As part of the iterative approach described in the main introduction blog of this series, the first step is to building messaging solutions is to identify the use case requirements and quantify these requirements as much as possible in terms of Apache Kafka and Event Streams. Several categories are outlined below that provide structure to what needs to be gathered.
The goal is to start looking at your use case requirements through these categories because they have a direct bearing on the evaluation—sizing, configuration, and architecture. If you don’t have everything, it’s okay—that’s why this is an iterative process.
Quantify: The type of information needed to start a preliminary design
Content (types and sizes of messages)
Throughput (expected rate of message generation, ingestion, and consumption)
Processing and latencies (type of processing, async batch/micro-batch, streaming)
Data durability and consistency guarantees (tolerance for data loss, delays)
Data retention (persistence duration, retention of data)
Other—development, security, etc.
To make it easier to follow, we will use an example to demonstrate the process of requirements gathering, sizing calculations, and design. Let’s assume an IoT use case of smart health-bands worn by athletes to monitor their health data. We will build a solution that receives messages from the health-band devices, processes them as per the needed requirements, and persists the information.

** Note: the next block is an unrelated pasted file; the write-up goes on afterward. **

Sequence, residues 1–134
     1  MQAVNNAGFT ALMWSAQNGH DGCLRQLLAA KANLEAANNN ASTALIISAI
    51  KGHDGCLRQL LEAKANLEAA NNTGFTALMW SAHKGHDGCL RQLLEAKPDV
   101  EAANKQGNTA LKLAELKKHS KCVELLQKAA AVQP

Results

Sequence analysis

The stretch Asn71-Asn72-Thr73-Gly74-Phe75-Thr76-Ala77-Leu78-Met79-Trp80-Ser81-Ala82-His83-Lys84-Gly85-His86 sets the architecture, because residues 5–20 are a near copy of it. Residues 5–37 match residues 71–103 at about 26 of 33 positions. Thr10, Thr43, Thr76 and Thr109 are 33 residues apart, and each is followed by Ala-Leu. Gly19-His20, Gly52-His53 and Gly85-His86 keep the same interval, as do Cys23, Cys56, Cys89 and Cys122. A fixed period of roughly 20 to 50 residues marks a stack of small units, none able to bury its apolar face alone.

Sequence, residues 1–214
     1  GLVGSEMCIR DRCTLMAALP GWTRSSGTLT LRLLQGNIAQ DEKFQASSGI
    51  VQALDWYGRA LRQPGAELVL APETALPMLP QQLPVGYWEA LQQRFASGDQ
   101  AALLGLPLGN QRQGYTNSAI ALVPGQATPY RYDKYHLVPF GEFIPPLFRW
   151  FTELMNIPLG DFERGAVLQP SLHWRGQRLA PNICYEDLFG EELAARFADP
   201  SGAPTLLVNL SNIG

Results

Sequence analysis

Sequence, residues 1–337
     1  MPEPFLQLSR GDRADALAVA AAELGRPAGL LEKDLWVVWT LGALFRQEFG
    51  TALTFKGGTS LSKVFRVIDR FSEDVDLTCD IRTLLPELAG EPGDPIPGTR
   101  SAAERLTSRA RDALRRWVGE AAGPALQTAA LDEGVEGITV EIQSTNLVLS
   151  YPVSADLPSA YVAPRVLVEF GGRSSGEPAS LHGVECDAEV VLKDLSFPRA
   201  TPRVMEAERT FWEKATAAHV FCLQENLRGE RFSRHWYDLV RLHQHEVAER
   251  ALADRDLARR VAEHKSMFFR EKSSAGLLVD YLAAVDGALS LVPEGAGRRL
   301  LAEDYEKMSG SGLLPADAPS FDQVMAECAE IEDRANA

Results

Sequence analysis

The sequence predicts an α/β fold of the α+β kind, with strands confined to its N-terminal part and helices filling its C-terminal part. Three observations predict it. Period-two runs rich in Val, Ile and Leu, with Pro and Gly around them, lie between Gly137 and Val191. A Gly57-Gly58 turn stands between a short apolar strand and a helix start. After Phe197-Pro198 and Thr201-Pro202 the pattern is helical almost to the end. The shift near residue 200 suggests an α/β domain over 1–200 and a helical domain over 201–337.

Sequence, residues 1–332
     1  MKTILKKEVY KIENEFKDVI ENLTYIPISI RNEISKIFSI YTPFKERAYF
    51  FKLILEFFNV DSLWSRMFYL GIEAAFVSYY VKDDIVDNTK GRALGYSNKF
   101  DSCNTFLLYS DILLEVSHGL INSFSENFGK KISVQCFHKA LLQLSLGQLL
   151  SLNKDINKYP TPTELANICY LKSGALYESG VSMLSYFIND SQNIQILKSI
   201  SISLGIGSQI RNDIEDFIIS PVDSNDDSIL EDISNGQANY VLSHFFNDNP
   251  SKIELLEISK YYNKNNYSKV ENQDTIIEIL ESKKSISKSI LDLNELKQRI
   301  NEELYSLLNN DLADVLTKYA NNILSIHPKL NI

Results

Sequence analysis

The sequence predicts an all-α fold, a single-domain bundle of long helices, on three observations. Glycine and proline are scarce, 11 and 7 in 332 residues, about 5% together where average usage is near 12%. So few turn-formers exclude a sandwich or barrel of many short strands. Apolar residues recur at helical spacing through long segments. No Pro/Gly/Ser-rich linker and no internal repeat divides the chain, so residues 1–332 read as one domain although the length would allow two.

Content (types and sizes of messages)
Let’s assume that an active smart health-band sends “health-beats”—messages that include geolocation, basic health, and diagnostics information (heart rate, metabolism level, body temperature, etc.). Based on the information received, any special activity event or emergency needs to be detected by the application and flagged for notification. The messages received should be persisted for use by other systems.The content will be best organized and sent as a JSON document that has attributes and values. The main identifiers that can be leveraged in the messages are a unique health-band serial number, model number, manufacturer batch number, etc.
--Understand the Content--
Health-beat messages: Basic health and diagnostics information
Context or use of the messages:
1. Get geolocation and health status of users (90% of the messages)
2. Trigger actions/notifications if a certain pattern of health or activity is detected from the messages (10% of the messages)